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DTCI: New Medicare reimbursement and reporting law

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By Nicholas C. Pappas and Jeffrey J. Mortier
 

Pappas_Nicholas.jpg Pappas
Mortier_JeffreyBW Mortier

On January 10, 2013, President Barack Obama signed into law the Strengthening Medicare and Repaying Taxpayers Act of 2012 (“SMART Act”). When finally implemented, the SMART Act should streamline settlement negotiations and provide more certainty to settlements involving Medicare beneficiaries.

The SMART Act will significantly modify Medicare’s Secondary Payer requirements to be more efficient, workable and user-friendly. Using a secure website, claimants, insurers and self-insureds should be able to obtain information about payments for which Medicare claims it is entitled to reimbursement and will be entitled to rely on that information when claims are paid (so long as proper notice is given). In addition, entities required to report payments to Medicare beneficiaries will likely be given some reprieve from the harsh penalties for noncompliance with Section 111’s reporting requirements when good-faith efforts are made to report a potential third-party claim.

Key elements of the SMART Act include:

(1) Medicare must provide claimants, insurers and self-insureds with access to a secure website that contains information relating to payments made by Medicare that may be subject to reimbursement from any potential settlement, judgment, award or other payment.

(2) Claimants, insurers and self-insureds may give notice to Medicare of a potential settlement, judgment, award or other payment within 120 days of the potential settlement, judgment, award or other payment. Medicare then has 65 days to provide its reimbursement amount. If proper notice is provided, the claimants, insureds and self-insureds that have obtained consent of the claimant then may rely on the last statement of reimbursement amount downloaded from the Medicare website so long as the statement was downloaded within three business days before the date of the settlement, judgment, award or other payment. The amount downloaded is then considered the “final conditional amount” subject to recovery by Medicare.

(3) Claimants who believe there is a discrepancy in the final conditional payment amount may provide documentation to Medicare explaining the discrepancy. Medicare then must respond to the discrepancy within 11 days. However, this discrepancy process does not take the place of a formal appeals process and the Act requires Medicare to promulgate regulations establishing an appeals process.

(4) Medicare must establish thresholds for both conditional payments and Section 111 reporting. The thresholds are designed to prevent Medicare from expending more money in collection efforts than it stands to receive on a given claim. The thresholds are to be established on Nov. 15 of each year beginning in 2014.

(5) Section 111’s per diem failure to report penalty is now discretionary, as Medicare “may” subject a claim to “a civil penalty of up to $1,000 for each day of noncompliance.” In addition, Medicare must give notice of proposed regulations in which sanctions will not be imposed for non-reporting, including when good-faith efforts to report have been undertaken.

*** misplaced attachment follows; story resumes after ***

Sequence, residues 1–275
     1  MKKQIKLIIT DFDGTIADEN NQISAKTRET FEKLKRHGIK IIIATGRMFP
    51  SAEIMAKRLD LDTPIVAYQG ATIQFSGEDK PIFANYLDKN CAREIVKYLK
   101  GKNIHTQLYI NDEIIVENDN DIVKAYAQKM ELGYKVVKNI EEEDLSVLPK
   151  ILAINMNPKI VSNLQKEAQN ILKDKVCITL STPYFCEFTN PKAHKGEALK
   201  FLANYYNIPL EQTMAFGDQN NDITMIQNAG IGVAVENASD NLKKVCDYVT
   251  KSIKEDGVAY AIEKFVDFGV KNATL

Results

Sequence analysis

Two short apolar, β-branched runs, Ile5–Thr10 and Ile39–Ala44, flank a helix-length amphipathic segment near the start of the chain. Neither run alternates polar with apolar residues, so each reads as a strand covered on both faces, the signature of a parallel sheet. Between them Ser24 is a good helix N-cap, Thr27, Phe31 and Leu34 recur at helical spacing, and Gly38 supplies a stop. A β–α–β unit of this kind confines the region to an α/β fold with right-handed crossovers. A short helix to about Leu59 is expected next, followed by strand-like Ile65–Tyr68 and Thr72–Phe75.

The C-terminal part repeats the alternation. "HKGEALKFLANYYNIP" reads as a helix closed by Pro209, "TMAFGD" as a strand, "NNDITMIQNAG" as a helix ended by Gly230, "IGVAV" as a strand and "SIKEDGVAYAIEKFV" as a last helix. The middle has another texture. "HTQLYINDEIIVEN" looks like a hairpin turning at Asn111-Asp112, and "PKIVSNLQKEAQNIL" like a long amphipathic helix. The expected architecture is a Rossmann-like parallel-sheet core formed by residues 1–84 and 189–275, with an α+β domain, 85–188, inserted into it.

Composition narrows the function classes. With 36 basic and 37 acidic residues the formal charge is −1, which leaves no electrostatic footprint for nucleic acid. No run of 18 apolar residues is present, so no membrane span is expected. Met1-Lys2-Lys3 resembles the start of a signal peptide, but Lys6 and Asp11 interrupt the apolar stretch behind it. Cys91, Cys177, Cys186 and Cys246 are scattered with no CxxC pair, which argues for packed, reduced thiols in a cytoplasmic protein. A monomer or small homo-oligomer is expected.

(6) Within 18 months of the enactment of the Act, Medicare must modify Section 111’s reporting requirements so that Social Security account numbers and health identification claim numbers are not required.

(7) A three-year statute of limitations for Medicare Secondary Payer actions is established.

In order to take full advantage of the law, it will be important to notify Medicare in advance of settlement conferences and mediations, to obtain consents from claimants to access information on the amounts claimed by Medicare, and to download the final conditional payment amount within three days of any settlement conference or mediation.•

Mr. Pappas and Mr. Mortier serve as National Medicare Reporting Coordinating Counsel at Frost Brown Todd LLC in Indianapolis. Both are members of DTCI. The opinions expressed in this article are those of the authors.

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  1. wow is this a bunch of bs! i know the facts!

  2. MCBA .... time for a new release about your entire membership (or is it just the alter ego) being "saddened and disappointed" in the failure to lynch a police officer protecting himself in the line of duty. But this time against Eric Holder and the Federal Bureau of Investigation: "WASHINGTON — Justice Department lawyers will recommend that no civil rights charges be brought against the police officer who fatally shot an unarmed teenager in Ferguson, Mo., after an F.B.I. investigation found no evidence to support charges, law enforcement officials said Wednesday." http://www.nytimes.com/2015/01/22/us/justice-department-ferguson-civil-rights-darren-wilson.html?ref=us&_r=0

  3. Dr wail asfour lives 3 hours from the hospital,where if he gets an emergency at least he needs three hours,while even if he is on call he should be in a location where it gives him max 10 minutes to be beside the patient,they get paid double on their on call days ,where look how they handle it,so if the death of the patient occurs on weekend and these doctors still repeat same pattern such issue should be raised,they should be closer to the patient.on other hand if all the death occured on the absence of the Dr and the nurses handle it,the nurses should get trained how to function appearntly they not that good,if the Dr lives 3 hours far from the hospital on his call days he should sleep in the hospital

  4. It's a capital offense...one for you Latin scholars..

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